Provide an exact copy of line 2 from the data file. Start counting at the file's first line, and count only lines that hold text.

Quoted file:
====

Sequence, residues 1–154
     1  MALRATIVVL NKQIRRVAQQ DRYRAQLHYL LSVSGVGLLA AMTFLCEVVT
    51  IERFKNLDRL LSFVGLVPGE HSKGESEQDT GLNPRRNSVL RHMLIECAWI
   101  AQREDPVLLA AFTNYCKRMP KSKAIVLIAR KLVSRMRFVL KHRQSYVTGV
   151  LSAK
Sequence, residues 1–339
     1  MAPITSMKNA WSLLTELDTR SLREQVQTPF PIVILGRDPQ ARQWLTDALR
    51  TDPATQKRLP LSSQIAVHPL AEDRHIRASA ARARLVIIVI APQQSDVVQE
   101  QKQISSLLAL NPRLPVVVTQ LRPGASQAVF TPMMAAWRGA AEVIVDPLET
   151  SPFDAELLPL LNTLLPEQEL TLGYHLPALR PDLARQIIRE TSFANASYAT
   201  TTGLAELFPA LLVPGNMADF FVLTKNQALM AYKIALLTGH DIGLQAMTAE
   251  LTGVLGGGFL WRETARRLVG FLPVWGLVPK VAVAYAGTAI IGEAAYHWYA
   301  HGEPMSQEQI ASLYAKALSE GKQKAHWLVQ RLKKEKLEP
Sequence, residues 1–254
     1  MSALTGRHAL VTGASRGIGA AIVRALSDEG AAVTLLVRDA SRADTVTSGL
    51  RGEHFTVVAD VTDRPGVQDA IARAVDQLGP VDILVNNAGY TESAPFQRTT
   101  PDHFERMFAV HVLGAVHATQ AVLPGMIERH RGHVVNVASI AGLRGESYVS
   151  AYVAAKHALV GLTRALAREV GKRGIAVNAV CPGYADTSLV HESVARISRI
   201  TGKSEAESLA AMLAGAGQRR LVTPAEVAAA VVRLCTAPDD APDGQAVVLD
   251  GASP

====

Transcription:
     1  MALRATIVVL NKQIRRVAQQ DRYRAQLHYL LSVSGVGLLA AMTFLCEVVT